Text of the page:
Feb. 25, 2012
By James Vicini
WASHINGTON (Reuters) – The Supreme Court will weigh next week whether corporations can be sued in the United States for suspected complicity in human rights abuses abroad, in a case being closely watched by businesses concerned about long and costly litigation.
The high court on Tuesday will consider the reach of a 1789 U.S. law that had been largely dormant until 1980, when human rights lawyers started using it, at first to sue foreign government officials.
Then, over the next 20 years, the lawyers used the law to target multinational corporations.
The case before the court pits the Obama administration and human rights advocates against large companies and foreign governments over allegations that Royal Dutch Shell Plc helped Nigeria crush oil exploration protests in the 1990s.
Administration attorneys and lawyers for the plaintiffs contend corporations can be held accountable in U.S. courts for committing or assisting foreign governments in torture, executions or other human rights abuses.
Attorneys for corporations argue that only individuals, such as company employees or managers involved in the abuse, can be sued, a position adopted by a U.S. appeals court in New York. Other courts ruled corporations can be held liable.
The justices will hear an appeal by a group of Nigerians who argue they should be allowed to proceed with a lawsuit accusing Shell of aiding the Nigerian government in human rights violations between 1992 and 1995.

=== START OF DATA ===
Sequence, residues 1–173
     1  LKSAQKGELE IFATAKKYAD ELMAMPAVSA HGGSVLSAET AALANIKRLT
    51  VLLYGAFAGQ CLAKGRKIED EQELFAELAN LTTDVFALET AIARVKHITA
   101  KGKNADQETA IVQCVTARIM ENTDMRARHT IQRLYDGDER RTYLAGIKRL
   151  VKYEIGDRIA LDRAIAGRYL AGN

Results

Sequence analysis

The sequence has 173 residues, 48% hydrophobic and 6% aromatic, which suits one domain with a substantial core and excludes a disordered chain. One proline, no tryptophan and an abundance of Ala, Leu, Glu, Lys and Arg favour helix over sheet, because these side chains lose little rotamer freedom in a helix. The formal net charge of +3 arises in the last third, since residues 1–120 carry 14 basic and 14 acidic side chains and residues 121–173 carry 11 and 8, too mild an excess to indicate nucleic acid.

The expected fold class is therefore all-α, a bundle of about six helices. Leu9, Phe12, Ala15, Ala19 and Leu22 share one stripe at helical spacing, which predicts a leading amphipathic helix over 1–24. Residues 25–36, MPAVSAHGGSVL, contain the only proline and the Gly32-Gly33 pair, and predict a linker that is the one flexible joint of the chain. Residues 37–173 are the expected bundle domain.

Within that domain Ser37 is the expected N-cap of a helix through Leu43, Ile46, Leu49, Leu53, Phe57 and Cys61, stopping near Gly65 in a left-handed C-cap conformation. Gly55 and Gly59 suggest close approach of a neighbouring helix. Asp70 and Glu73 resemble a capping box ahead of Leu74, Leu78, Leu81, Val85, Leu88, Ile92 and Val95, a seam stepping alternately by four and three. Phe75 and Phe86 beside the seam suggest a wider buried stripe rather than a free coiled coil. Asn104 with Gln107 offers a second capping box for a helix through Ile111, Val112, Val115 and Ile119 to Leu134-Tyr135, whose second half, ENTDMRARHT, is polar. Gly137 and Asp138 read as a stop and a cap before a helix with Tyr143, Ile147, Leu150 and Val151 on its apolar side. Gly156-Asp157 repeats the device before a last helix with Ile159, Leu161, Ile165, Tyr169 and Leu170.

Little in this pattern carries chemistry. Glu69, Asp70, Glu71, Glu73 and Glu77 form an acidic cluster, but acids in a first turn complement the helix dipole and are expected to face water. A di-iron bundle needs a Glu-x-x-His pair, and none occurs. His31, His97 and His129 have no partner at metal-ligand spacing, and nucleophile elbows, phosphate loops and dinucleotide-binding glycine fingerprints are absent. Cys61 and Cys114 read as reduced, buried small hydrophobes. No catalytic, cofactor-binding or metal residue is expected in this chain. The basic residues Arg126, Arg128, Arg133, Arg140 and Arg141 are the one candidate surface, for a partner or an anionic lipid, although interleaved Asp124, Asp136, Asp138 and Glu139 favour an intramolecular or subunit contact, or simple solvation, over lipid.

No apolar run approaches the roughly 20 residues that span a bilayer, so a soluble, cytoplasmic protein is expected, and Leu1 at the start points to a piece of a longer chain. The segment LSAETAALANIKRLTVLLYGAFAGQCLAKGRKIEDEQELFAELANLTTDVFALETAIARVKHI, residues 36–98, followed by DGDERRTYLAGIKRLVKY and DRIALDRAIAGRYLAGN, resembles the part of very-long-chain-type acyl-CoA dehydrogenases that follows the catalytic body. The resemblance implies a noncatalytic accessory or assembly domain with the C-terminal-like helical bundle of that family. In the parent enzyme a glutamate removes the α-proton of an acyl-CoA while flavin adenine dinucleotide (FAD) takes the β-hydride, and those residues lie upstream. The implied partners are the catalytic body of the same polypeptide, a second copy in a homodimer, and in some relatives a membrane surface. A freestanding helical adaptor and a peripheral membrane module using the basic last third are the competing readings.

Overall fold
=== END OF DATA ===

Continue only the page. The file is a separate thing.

California attorney Paul Hoffman, who will argue on behalf of the plaintiffs, said corporations, under the 1789 law, were permissible defendants and that corporate civil liability was a general principle of international law.
“Businesses involved in genocide, crimes against humanity or other serious human rights violations deserve no exemption from tort liability,” he said in a brief filed with the court.
NO EXEMPTION FOR GENOCIDE
The Obama administration supported the corporate liability argument, as did international human rights organizations and Navi Pillay, the United Nations High Commissioner for Human Rights.
Representing Shell at the arguments, Kathleen Sullivan, a former dean of the Stanford Law School in California, said U.S. and international law do not allow corporate liability for the alleged offenses. She said the post-World War Two Nuremberg tribunals covered prosecutions of individuals, not corporations.
She warned of the consequences of allowing such lawsuits.
“Even a meritless … suit against a corporation can take years to resolve,” she said in a brief, adding that corporations may reduce their operations in less-developed nations where such abuses tend to arise.
The British, Dutch and German governments supported Shell and said it violates international law to apply a U.S. law from more than 200 years ago to acts that take place in other countries and have no connection to the United States.
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